Blake started the first 11 games of 2000, leading the team to a 7-4 record, before a foot injury sidelined him for the rest of the season. Aaron Brooks started the final five regular-season games and led the Saints to the NFC West title and the first win in playoff history, then beat out Blake for the starting job the following August.
Blake departed for Baltimore in 2002 and became the starter seven games into the season. On Dec. 8, he and the Ravens faced the Saints in Baltimore, where Blake passed for 316 yards but turned the ball over three times in a 37-25 New Orleans victory.
Half of the starts against the Saints by former starters were by Delhomme, who signed with the Panthers following the 2002 season looking for a chance to compete for the starting job.
Delhomme started the final two games of the 1999 season – Ditka’s final two games as Saints coach – but sat behind Blake and Brooks from 2000-02, coming off the bench in four games.
Rodney Peete beat out Delhomme for the starting job in Charlotte, but the Louisiana native came off the bench to lead a second-half comeback in the season opener, and outside of injury, the job remained his for the next seven years. Delhomme also played one season in Cleveland and one in Houston to round out his career.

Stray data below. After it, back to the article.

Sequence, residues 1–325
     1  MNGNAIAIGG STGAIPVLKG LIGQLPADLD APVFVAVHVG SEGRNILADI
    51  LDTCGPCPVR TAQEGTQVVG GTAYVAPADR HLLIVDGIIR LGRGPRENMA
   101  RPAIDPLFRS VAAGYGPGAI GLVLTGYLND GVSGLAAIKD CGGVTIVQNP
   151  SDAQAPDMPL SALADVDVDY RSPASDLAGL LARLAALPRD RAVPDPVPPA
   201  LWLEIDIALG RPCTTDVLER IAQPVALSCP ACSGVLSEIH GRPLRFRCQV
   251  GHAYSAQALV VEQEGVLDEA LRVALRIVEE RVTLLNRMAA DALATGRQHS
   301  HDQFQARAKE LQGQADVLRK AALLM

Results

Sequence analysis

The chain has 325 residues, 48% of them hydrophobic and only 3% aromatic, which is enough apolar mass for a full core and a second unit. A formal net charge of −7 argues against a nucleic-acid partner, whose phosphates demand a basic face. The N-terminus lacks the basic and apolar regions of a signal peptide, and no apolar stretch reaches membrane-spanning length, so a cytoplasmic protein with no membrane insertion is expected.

Delhomme went 8-3 in his career against the Saints, including a 5-1 record in New Orleans and season sweeps over his former team in 2003, 2006 and 2008. The former Louisiana Ragin’ Cajun standout completed 62.1 percent of his passes for 2,283 yards and 12 touchdowns against New Orleans, and in nine of those 11 starts, he did not throw an interception.
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Lenny was involved in college athletics starting in the early 1980s, when he began working Tulane University sporting events while still attending Archbishop Rummel High School. He continued that relationship as a student at Loyola University, where he graduated in 1987. For the next 11 years, Vangilder worked in the sports information offices at Southwestern Louisiana (now UL-Lafayette) and Tulane;…